We each have our own Middle Ages. For some of us the flare of a cloak and the aggressive slight lifting of a swordhilt epitomises it. For some, it’s the awe of the cathedral and the way lines of stone pull the gaze through and up to the heavens as we walk down the nave. For others it’s the crumble of age and the scent of a distant past. For others still it’s their past, their ancestors and finding bridges to how these ancestors shaped their lives. For yet others, it’s an intense passion for the lives of the interesting and great. We each have our own Middle Ages. More than any other period in history, it’s personal.
What does Middle Ages look like? And how did you reach it?
|The romance of the ruined castle: Richard's Gaillard in Normandy.|
This depends on the type of Middle Ages. Some of my friends started with Jean Plaidy and Sharon Penman. My mother still prefers the Brother Cadfael mysteries. There are people who love the built landscape and understand the Middle Ages through the monuments and furrows it has left us. There are others who fossick in archives or explore living history and re-enactment.
Most of us reach our Middle Ages from a mixture of sources: we read novels and watch movies, but we also read history books and primary sources and explore old buildings and the residue of peoples’ lives. Our Middle Ages are developed through what we visit and read and enjoy: museums and books and stories.
My Middle Ages is pretentious, I’m afraid. (I firmly uphold that everyone must have a pretentious corner of their soul: this is mine.) It’s made of a series of inquiries into people and places and ideas and lives and how the evidence we have of these things weave together in the dynamic that creates history as we understand it. That sounds a lot less interesting that the flare of a cloak or exploring the field at Towton, but it’s not dry at all. It’s very intense and it’s very personal.
|Tales of Moorish mills near Cordoba.|
As many love affairs do, it began with a man. He didn’t draw me into history: he helped me realise why I love it and he helped me create my personal Middle Ages. I’ll introduce you to him next month. I was going to introduce him now, but when I’d written my explanations I found out that I had two posts, not one, and in a month it’s holiday season, and his life and legends will be just right for holiday reading.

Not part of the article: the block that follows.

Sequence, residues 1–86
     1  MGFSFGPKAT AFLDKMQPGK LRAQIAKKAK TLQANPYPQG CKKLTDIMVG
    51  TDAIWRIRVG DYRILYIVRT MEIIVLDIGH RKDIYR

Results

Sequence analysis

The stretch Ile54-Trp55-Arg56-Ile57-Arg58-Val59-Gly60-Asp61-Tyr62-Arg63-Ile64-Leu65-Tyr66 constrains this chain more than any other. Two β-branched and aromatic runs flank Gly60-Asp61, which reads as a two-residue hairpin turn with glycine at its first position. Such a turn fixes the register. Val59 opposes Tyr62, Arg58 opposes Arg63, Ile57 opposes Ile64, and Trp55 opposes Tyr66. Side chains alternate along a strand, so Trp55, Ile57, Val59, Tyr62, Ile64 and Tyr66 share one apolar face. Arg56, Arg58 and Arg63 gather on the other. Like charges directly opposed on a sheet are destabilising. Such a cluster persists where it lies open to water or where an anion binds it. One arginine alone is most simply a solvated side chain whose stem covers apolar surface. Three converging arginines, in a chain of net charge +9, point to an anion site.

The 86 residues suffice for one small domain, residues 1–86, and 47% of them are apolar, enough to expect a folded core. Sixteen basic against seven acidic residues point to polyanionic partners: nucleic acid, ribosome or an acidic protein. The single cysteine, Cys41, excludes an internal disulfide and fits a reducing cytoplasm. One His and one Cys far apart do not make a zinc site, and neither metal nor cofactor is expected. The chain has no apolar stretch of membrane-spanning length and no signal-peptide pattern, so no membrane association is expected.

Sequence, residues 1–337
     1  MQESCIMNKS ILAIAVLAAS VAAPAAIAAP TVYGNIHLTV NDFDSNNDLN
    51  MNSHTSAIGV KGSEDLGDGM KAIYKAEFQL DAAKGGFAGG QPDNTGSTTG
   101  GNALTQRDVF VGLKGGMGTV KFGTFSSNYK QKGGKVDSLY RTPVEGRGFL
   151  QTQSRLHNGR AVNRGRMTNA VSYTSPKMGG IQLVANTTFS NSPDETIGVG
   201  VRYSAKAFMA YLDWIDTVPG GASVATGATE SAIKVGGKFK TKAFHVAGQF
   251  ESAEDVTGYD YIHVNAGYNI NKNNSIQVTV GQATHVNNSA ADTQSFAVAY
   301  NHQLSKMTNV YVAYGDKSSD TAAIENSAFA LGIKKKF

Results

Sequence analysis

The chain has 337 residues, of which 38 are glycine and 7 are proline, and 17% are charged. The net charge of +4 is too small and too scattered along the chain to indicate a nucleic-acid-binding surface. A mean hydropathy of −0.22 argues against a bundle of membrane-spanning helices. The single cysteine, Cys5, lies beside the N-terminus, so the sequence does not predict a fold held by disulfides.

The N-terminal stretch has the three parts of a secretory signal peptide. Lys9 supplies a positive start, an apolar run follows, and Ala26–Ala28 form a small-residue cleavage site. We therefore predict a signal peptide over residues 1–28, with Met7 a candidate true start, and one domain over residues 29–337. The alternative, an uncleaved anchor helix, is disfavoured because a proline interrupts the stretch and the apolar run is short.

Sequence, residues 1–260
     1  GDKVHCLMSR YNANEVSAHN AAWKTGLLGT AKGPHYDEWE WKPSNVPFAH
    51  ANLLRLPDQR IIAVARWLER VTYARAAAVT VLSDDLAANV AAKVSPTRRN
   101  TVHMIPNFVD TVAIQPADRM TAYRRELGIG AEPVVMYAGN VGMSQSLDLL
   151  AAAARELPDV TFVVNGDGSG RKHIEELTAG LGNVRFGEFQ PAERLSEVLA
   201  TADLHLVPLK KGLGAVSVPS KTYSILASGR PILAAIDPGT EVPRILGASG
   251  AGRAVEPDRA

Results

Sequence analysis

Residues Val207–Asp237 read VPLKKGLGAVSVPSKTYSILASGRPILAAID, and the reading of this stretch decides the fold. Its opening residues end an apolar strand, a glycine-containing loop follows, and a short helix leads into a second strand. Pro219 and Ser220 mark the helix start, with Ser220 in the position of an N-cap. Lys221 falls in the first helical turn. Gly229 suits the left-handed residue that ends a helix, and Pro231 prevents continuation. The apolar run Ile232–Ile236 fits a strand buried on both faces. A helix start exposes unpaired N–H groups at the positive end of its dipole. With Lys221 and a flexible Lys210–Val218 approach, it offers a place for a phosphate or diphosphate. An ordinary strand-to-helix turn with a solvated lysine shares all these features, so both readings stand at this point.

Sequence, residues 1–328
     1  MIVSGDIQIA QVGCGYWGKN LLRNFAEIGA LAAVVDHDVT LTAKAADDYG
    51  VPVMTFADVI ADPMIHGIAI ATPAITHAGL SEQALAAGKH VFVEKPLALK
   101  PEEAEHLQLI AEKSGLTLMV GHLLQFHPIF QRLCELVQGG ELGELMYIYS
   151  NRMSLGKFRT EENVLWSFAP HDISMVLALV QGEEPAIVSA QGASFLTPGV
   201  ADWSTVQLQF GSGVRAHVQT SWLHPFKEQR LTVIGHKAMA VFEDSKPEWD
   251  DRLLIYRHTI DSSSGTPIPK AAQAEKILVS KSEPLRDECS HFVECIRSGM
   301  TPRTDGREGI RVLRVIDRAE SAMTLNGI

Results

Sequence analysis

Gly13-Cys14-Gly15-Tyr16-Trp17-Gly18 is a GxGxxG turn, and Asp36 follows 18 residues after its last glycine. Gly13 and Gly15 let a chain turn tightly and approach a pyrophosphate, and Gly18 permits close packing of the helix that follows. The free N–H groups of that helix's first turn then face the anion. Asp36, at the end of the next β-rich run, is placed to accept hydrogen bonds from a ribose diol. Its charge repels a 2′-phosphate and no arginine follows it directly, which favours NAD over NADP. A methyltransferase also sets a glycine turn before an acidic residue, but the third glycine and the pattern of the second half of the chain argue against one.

We each find our Middle Ages in different places and at different times. This is one of the reasons I swore I would never write a novel that didn’t have a clear fantasy element (and a strong one) for any Middle Ages. It’s why my first novel, Illuminations, had such a very invented Middle Ages – I also drew many of my minor plot points from popular literature of the twelfth and thirteenth century, just to see if anyone would notice.
The nature of my Middle Ages controlled how I felt I could write about it: I couldn’t see how to bring the story into a series of inquiries without distorting my sense of the history beyond redemption. I could write a novel, I thought, and destroy my Middle Ages. Or I could leave it alone and my understanding of history would be safe.
In 2010, I was put firmly into a place that meant I had to write precisely such a novel. I had to write a science fiction novel, and time travel was the best for the purpose and the Middle Ages was the best period to set it. I didn’t want to lose my personal Middle Ages, and I wanted to write that novel. I had to find a solution, fast.
That solution was to introduce the Middle Ages of many people into the novel. Lots of views of the Middle Ages, not just one. I gave Langue[dot]doc 1305 a literary historian, an SCA member, and a pair who got their Middle Ages from the Da Vinci Code. I also gave the novel a dreamer and several scientists for whom the past is…past. I didn’t give all the possible Middle Ages people could own, just the ones that my characters were likely to lean towards. I used my own Middle Ages to inform this (for the big narratorial sweep) and to tell the stories of the Medieval people who lived alongside my modern time travellers. Many Middle Ages.
By sneaking quite a few Middle Ages into this novel I swore I would never write, I dealt with the tough historian inside me. I found a way of letting my readers know that for me history is complex and compelling and dynamic and very hard to pin down. I did it by showing how a bunch of different people interpreted their own lives in the year 1305.
|The Middle Ages as an archaeological detective tale: Paris in 1985|
It was a challenge though. It taught me a lot about how historians see history differently and what that can mean for the fiction we read. That, however, is another story. Today's story isn't finished yet, however. Now that you know what my Middle Ages looks like, I'd love to hear about yours.